Jacobs nodded, understanding the implications. Even if someone heard the radio call, it would make little difference. The best they could hope for was to report their position in case they had to ditch. She keyed the radio.
“Mayday! Mayday! Mayday! This is TransPac 823. We are going down. We are going down. We’ve lost both number three and number four engines. Our position is seventy-five miles bearing two four five from Palmyra VOR.”
No answer, just static.
“Activate the emergency transponder,” Robb said. He knew activating it was a useless procedure. They were beyond the range of any radar units.
“Setting transponder to 7700 in squawk emergency,” Jacobs replied.
As their rapid descent took the plane through thirty thousand feet, an unearthly glow bloomed within the cloud cover ten miles to their right. At first the clouds softened it, but then the light pierced them, shooting toward the stratosphere, for a moment brighter than the sun.
“What the hell?” Jacobs said.
A fireball rolled upward in the distinctive mushroom shape Robb had seen in countless photos. He gaped, mesmerized by the sight. Atomic weapons testing in the Pacific had been outlawed for years, and there were no volcanoes in this region of the ocean. What else could have caused such a massive explosion?
Whatever it was, the explanation didn’t matter.
“Roll left!” he yelled. Stabilizing the plane should have been his highest priority, but they had to get away from the blast zone.
“Rolling left,” came Jacobs’s response after only a second’s hesitation.
Robb just had to hope that he could ride out the shock wave and find someplace to land. They had passed over the Palmyra Atoll only ten minutes before, but the runway built during World War II had been abandoned decades earlier. Christmas Island, five hundred miles away, had the closest operational runway. Despite all the damage the plane had sustained, it was still flying. They might make it.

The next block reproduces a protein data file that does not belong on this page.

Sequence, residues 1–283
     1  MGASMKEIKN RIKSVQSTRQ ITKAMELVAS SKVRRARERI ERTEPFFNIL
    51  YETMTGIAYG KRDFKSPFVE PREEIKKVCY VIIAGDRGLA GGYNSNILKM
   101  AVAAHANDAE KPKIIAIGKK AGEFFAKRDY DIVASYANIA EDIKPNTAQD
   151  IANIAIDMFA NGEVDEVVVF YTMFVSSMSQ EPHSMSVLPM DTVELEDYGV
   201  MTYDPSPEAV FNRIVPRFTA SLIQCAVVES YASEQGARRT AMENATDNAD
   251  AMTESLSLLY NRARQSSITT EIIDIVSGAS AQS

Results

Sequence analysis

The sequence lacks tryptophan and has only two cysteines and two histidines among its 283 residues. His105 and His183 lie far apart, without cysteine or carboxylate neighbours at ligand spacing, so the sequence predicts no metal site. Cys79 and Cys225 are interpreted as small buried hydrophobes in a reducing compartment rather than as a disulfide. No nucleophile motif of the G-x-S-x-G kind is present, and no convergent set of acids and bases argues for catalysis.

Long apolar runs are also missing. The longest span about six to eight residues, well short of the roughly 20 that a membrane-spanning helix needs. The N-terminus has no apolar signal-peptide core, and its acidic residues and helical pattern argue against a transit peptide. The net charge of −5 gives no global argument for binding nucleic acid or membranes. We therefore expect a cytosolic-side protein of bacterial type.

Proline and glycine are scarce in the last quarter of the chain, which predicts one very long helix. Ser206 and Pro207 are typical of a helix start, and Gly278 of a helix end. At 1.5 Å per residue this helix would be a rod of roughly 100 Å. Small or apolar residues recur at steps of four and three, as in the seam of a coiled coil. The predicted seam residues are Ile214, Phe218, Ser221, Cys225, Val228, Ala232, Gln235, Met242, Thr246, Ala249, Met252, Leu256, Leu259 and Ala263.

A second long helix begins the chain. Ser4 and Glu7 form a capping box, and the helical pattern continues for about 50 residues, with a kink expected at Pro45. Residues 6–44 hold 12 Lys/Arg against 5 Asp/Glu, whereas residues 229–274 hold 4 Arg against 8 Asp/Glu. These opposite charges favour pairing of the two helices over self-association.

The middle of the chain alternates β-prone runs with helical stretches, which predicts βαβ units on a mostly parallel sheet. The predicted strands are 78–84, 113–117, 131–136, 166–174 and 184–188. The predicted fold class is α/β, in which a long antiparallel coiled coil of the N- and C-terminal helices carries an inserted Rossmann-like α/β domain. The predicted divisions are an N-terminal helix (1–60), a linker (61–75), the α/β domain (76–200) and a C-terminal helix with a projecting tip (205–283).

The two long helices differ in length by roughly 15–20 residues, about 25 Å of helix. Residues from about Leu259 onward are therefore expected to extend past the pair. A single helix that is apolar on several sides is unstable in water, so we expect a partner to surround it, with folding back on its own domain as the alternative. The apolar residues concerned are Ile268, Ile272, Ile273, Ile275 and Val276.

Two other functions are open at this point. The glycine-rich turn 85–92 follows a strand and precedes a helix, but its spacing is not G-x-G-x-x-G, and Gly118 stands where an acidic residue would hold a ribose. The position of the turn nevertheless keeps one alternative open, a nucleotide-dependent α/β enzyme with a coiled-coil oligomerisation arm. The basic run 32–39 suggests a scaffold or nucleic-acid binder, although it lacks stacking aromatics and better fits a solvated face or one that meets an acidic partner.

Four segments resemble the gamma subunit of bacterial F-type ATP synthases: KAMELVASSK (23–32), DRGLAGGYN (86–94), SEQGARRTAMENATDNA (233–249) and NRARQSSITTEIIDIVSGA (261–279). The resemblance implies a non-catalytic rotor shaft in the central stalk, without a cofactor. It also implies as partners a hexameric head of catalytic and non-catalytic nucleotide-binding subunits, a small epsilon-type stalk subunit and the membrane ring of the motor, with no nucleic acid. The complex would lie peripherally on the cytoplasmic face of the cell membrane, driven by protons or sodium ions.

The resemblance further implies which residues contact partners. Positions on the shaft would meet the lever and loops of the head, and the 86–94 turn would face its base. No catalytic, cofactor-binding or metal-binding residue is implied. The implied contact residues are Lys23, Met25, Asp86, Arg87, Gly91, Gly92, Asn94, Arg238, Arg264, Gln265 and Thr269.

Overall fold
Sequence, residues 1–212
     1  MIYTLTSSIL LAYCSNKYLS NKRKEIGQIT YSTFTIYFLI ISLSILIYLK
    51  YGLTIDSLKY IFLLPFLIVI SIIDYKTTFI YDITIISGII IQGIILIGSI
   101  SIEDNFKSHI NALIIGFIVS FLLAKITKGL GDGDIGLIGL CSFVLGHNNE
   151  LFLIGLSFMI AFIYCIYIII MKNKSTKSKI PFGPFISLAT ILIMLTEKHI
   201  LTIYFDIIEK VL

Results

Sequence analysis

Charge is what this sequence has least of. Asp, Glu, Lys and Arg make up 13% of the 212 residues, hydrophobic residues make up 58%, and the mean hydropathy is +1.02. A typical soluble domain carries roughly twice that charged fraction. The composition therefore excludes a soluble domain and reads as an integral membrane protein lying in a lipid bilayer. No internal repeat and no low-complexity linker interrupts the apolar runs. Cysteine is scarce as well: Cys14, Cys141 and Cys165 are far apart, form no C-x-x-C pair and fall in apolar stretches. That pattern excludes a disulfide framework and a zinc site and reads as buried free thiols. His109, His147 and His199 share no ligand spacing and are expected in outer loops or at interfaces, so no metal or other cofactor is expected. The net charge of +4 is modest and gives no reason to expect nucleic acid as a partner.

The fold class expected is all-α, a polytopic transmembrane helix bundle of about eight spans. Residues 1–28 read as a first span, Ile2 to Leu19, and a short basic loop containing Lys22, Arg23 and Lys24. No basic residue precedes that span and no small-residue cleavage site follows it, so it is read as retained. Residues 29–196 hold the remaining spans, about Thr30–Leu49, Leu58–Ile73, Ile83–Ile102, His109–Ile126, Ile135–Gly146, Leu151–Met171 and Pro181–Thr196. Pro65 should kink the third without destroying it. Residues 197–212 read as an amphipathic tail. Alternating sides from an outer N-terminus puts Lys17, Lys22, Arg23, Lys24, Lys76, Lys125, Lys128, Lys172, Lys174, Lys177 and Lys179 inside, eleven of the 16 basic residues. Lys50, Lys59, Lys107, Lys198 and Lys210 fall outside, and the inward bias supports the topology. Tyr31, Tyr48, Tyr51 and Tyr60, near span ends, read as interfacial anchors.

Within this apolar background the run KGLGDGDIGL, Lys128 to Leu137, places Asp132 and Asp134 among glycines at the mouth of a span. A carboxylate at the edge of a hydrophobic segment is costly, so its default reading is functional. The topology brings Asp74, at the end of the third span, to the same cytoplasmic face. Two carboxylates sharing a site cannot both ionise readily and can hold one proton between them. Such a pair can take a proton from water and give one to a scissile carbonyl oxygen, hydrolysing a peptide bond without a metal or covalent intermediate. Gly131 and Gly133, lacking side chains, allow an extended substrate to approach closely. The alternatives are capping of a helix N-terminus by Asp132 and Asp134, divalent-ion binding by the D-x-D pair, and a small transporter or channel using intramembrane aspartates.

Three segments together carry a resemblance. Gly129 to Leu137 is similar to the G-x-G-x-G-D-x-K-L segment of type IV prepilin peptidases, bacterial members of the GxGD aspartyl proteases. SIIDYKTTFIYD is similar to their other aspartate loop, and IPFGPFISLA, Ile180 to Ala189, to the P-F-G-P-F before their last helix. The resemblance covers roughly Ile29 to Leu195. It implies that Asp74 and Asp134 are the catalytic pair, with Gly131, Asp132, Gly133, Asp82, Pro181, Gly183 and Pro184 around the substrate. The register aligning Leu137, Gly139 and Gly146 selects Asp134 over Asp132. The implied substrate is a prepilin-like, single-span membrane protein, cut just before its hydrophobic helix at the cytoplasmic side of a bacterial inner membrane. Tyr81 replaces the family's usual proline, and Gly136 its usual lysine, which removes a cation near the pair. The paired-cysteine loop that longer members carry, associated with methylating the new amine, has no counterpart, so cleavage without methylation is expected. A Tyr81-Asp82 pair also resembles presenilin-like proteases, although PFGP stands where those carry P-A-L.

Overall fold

“Come on, you bastard!” Robb grunted as he strained at the controls.
The nose of the enormous plane came around slowly. Too slowly.
The blast wave from the explosion caught up with them and slapped at the plane from behind, heaving its tail up. A colossal crack of thunder hammered the aircraft. The windows shattered and wind howled through the cockpit. The number one engine was wrenched from its mounts, shearing half the port wing from the plane and setting the fuel tanks aflame. The plane plummeted like an elevator cut from its cable.
With two engines gone and another shut down, the airliner was mortally wounded. Thinking of the 373 men, women, and children in the plane—people who were his responsibility—Robb didn’t give up, but he had no more hope of flying it than one of the passengers. He battled the controls trying to level the plane, but it was a dead stick. Despite his efforts, the plane spun downward in a death spiral. By the time the airliner plunged through the lowest cloud layer, the altimeter read one thousand feet. For the first time in an hour, Robb could see the blue water of the Pacific.
Realizing that their fate was inevitable, Robb let go of the yoke and sat back. He held out his hand to Jacobs, who grasped it tightly with her own. Never much for religion, Robb nonetheless closed his eyes and found himself reciting the Lord’s Prayer. He was up to the words “Thy kingdom come” when the plane slammed into the ocean at over five hundred miles per hour.
© 2010 Boyd Morrison